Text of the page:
– Jeff Jarrett recently spoke with Aaron Oster of Rolling Stone to promote Global Force Wrestling. The full interview is available at this link. Below are highlights:
So I might as well ask the biggest question right off the bat: “What is Global Force Wrestling?”
It is a professional wrestling organization that we’d like to think will be forward-thinking and innovative. We have formed alliances with other promotions around the world so we can share talent and bring in talent. Every wrestler has a story. They’ve started in some organization. Over the past 15 years, all the organizations have sort of sat on an island. They don’t interact at all. We look at it differently. We want other organizations to thrive. We want them to do as well as they can. It’s a win-win for wrestling if that’s the case. Thirty years ago, it wasn’t uncommon for different promotions to share talent. You would load up a big card with wrestlers from other territories. It is a professional wrestling organization, first and foremost.
Given how much wrestling is on TV now – WWE, TNA, Ring of Honor and Lucha Underground – what is going to set GFW apart from the pack?
The short answer is watch and see. I will say, though, that we want to truly focus on who these athletes are. The Bullet Club is legitimately the hottest faction in all of wrestling, and we’ll talk about how they’ve come up through New Japan and continued to grow in popularity. Karl Anderson has a great story behind him, so does Doc Gallows, he’s traveled the world. Chris Mordetzky [formerly Chris Masters] is one of the youngest guys ever signed by the WWE. Quite frankly, he’ll probably admit it; he wasn’t ready for it at the time. Now he’s spent three or four years overseas, and he’s ready to step into a Global Force ring and compete. PJ Black [Justin Gabriel], Lei’D Tapa, some wrestlers that maybe people haven’t heard of. Guys like Andrew Everett and Chuck Taylor, I could go on and on. All these guys are chomping at the bit to get on this bigger stage.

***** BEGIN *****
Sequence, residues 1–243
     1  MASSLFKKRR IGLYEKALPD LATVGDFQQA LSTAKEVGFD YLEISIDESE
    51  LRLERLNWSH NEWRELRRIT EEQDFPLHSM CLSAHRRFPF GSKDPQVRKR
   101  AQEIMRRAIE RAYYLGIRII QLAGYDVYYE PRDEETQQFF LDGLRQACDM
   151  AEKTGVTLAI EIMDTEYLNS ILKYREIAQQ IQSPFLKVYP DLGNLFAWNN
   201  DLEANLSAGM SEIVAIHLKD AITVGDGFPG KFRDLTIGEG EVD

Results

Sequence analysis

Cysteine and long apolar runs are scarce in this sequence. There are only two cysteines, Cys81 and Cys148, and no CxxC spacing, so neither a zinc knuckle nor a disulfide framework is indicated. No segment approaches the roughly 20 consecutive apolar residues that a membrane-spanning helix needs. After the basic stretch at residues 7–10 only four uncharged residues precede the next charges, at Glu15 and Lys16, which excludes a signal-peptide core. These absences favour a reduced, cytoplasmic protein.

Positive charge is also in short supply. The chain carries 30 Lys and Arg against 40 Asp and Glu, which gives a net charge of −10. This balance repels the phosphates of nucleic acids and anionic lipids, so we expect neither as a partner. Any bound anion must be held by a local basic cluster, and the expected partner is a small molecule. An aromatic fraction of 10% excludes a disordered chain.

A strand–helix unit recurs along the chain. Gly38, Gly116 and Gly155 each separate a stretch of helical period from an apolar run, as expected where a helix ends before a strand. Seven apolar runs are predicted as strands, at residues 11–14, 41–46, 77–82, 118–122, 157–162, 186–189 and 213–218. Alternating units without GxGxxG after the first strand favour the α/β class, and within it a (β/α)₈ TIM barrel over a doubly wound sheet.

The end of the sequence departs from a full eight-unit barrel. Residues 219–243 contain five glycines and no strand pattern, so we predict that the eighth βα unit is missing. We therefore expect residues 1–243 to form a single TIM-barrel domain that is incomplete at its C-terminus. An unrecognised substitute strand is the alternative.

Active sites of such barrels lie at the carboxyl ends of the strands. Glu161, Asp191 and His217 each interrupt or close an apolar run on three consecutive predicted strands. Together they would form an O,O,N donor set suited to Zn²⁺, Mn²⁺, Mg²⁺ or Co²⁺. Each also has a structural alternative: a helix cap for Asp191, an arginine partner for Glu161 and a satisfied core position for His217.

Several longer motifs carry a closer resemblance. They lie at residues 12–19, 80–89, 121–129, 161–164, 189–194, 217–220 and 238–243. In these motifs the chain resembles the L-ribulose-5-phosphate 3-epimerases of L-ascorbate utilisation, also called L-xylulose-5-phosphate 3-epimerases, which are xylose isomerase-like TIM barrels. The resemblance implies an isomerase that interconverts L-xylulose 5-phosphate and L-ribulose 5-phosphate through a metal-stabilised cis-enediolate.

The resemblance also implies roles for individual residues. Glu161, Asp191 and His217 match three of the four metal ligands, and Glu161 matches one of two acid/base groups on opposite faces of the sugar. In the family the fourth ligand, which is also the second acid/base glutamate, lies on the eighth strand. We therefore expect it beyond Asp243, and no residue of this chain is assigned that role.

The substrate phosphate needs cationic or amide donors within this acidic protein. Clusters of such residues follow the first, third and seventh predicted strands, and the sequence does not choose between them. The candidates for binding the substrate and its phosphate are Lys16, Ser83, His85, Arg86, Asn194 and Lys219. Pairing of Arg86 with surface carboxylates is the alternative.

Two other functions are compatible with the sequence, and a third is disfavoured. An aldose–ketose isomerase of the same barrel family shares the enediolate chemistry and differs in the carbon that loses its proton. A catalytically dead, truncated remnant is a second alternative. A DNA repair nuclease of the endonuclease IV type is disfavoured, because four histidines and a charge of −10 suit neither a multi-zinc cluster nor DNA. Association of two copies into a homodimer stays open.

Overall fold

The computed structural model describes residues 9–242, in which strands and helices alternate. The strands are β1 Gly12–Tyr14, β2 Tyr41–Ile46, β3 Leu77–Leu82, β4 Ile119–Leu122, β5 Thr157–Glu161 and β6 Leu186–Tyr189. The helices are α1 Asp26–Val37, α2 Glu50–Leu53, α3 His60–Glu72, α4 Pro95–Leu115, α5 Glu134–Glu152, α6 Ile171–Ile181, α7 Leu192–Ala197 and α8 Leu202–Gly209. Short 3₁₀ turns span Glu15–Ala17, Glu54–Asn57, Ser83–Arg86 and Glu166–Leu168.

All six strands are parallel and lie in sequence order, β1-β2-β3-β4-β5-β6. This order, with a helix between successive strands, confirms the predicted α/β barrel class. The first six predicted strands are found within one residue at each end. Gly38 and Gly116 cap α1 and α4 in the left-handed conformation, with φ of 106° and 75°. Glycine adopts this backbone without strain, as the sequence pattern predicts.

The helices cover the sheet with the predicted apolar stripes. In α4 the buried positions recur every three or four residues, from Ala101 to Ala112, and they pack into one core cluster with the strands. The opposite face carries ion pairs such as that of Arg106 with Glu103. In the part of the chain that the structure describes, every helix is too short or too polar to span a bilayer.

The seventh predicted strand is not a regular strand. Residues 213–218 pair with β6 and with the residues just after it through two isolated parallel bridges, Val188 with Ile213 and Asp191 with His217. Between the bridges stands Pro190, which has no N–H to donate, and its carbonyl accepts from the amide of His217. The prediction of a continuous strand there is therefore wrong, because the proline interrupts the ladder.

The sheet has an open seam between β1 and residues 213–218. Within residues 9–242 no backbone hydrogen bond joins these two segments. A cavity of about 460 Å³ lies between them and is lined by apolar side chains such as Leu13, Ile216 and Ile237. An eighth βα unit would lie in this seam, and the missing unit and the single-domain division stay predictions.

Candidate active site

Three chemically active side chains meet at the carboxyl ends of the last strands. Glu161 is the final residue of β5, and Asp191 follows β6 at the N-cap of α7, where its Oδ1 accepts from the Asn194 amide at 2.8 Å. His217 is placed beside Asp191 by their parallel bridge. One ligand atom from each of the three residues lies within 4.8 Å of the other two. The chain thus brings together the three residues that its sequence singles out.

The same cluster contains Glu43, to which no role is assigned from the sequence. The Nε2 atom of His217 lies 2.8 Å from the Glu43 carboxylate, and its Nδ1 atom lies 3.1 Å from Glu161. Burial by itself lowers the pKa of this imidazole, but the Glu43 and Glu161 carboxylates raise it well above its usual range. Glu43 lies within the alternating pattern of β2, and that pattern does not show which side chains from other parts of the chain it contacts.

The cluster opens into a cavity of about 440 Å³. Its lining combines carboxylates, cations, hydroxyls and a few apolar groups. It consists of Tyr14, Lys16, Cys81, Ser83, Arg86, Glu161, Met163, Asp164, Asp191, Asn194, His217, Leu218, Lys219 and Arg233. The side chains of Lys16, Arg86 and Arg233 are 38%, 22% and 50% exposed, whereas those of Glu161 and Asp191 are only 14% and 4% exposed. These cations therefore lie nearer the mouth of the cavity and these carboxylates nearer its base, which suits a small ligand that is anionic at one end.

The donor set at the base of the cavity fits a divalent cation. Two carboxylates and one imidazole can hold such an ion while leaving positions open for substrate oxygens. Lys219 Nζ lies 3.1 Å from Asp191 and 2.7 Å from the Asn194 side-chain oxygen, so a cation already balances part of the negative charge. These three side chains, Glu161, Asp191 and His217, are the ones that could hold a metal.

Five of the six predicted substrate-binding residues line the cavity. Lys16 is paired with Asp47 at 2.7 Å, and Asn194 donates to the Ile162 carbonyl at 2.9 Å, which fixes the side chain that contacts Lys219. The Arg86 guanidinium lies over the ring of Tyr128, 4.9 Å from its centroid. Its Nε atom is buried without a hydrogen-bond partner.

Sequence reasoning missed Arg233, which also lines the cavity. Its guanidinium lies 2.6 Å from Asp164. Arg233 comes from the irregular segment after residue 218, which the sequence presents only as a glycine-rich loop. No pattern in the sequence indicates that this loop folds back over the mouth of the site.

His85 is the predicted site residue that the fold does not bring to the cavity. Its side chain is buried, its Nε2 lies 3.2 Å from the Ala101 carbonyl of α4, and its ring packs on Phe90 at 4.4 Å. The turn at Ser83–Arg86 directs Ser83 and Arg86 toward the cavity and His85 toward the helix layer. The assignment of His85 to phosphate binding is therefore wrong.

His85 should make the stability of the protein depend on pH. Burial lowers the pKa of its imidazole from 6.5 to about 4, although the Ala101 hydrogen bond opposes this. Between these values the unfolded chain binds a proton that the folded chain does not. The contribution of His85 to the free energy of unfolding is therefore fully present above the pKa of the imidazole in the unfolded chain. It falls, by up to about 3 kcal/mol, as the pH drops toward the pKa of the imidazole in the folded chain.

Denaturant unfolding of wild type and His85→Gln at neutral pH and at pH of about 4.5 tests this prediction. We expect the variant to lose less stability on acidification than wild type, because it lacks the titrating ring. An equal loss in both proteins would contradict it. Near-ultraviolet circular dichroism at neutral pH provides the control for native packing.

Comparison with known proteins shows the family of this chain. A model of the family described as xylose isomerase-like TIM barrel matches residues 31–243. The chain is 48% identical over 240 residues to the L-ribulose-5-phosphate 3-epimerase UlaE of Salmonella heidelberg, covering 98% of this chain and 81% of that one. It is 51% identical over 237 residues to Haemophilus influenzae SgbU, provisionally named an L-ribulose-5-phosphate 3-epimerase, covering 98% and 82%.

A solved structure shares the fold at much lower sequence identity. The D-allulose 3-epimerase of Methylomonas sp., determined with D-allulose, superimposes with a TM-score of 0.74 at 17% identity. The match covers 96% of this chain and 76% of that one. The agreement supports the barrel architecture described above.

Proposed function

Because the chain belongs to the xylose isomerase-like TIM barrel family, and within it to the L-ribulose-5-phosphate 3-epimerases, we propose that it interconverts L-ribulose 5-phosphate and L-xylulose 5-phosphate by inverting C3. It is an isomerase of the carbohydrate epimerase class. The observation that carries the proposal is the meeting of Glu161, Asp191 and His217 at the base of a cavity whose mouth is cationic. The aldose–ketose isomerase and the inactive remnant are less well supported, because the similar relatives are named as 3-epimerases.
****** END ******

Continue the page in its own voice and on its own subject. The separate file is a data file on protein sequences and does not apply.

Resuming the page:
Will you be a regular character on these shows, like you were in TNA?
No. I’m certainly not going to wrestle for the foreseeable future. I’m not going to say that I’m retired, but 99.9 percent of my time is going to be dedicated to promoting the brand and promoting the athletes of Global Force Wrestling.
You have several television tapings listed throughout the rest of 2015, but as of now, we haven’t heard anything about any TV deals. Is the plan to bring GFW to a network, put it online, or something else entirely?
I will release that information when it’s time to release it. We’re in talks domestically and internationally. The international rights come into play just as much here.
You’ve been in the business for a long time, and, as you said, you’ve been through “the good, the bad and the ugly.” So I’m wondering, what does success mean to you, especially when it comes to Global Force Wrestling?
It’s the same as any business, and you have to think about it this way: Success is defined by whether you’re profitable or not. In the short-term though, we want to make strides to make brand awareness. We want to put up compelling content with compelling wrestlers, and that will be a barometer of success. We just want to be a positive influence within the wrestling industry.